They had been chased out of the city. His father was dead. His brother. Even his little sister they had killed. Now it was just him and his mother. Slaves in the countryside. The Khmer Rouge had taken advantage of the American bombs and the fear of an external enemy far more powerful. Now they were in control.
He had to go out in the early morning, before light broke. The guards were tired after a long night, less attentive. If he was not back before sunrise they would kill them both.
Please, don’t, it’s too dangerous! His mother had begged him. She was asleep when he left. The hunger made him. He passed the guarded zone, but the forest was even worse. Landmines. There were landmines everywhere.
The night was dark. No stars. No moon. Just darkness. That was good, he was more difficult to see. Mushrooms. He picked one up. Poisonous. He dropped it and moved on. Something moved. A spider. He went closer. It was not big enough to fill his stomach, but it would be a mouthful for his mother. He had to be careful. Kill it before it bit him.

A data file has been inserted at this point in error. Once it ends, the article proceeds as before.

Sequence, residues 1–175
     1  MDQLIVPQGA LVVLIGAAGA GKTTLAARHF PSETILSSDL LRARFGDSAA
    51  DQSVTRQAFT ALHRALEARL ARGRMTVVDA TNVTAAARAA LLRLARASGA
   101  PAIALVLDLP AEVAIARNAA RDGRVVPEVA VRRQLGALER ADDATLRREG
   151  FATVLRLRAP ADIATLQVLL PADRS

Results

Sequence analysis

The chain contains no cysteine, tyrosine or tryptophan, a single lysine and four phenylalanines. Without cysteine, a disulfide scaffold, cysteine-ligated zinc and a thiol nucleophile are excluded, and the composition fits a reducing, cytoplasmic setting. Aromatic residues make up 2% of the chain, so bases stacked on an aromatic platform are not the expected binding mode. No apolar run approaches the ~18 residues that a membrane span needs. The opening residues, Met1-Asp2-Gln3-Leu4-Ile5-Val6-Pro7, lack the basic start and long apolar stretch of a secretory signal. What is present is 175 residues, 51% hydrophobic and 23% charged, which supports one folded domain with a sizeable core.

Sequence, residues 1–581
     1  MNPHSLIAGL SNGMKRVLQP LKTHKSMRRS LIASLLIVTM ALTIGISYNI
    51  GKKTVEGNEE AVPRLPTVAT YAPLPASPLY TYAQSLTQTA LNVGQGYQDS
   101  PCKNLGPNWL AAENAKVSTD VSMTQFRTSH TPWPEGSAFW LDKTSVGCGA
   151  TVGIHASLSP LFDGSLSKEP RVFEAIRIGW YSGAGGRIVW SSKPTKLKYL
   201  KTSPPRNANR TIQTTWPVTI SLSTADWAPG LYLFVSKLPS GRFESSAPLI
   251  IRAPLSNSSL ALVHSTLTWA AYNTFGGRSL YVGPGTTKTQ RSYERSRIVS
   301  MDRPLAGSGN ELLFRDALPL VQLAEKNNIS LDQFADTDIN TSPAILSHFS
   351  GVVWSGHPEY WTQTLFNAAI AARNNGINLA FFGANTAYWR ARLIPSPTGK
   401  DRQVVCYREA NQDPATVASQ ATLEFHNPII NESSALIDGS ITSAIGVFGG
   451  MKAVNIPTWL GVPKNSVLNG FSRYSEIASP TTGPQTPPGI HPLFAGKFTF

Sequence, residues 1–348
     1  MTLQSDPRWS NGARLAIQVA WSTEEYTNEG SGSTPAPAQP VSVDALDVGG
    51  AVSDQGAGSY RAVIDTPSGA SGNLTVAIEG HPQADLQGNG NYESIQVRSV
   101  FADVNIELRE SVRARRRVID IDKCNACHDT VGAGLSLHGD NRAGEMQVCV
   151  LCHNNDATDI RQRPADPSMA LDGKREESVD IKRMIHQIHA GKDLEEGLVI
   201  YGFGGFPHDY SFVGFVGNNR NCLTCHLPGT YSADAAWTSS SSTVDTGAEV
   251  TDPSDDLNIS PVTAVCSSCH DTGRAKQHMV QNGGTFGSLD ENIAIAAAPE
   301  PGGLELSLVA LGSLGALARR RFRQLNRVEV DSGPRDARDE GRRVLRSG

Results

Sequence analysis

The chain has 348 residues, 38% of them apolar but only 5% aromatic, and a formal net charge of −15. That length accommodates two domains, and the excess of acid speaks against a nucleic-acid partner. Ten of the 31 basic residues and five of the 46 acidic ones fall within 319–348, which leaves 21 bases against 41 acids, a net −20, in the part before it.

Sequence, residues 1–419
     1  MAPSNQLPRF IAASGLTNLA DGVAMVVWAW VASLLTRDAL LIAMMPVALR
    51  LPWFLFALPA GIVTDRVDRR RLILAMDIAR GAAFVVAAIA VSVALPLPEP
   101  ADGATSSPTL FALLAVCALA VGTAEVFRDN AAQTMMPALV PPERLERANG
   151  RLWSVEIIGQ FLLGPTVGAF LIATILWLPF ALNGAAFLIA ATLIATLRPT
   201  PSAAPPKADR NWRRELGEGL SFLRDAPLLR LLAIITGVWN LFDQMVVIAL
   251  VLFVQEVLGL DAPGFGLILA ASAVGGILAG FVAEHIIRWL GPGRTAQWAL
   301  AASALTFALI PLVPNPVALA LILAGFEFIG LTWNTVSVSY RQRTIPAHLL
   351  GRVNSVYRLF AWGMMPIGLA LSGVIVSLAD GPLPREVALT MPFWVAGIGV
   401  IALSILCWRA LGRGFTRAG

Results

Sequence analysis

He saw a glow in a distance. A greenish light in the darkness.
It couldn’t be. It mustn’t be.
He crouched. The glow came closer. He saw a face.
A beautiful woman’s face, but she had no body. A head hovering in the air. Her heart was hanging underneath her.
Ahp. Krasue, as his grandfather had called her.
She was even more terrifying than the guards. More dangerous than bombs. More horrible than landmines.
He threw himself down. She moved closer. A moan of suffering escaped her mouth as she passed right above him. Long. Deep. She was searching for blood.
She stopped, as if she was listening. Searching. He didn’t move. He didn’t blink. He didn’t breath. He could see the green light on his hands in front of him. He could feel her presence, her bloodthirst. Her evil.
He lay there for a long time. She could come back. She could be waiting. Light. Daybreak. He got up. Looking around, unsure if she was still there. He ran. He saw guards in the distance. He moved from bush to bush, crouching, creeping. His mother was still sleeping when he entered the hut. She would be hungry today as well. He had made it back, but he was not safe. They never were.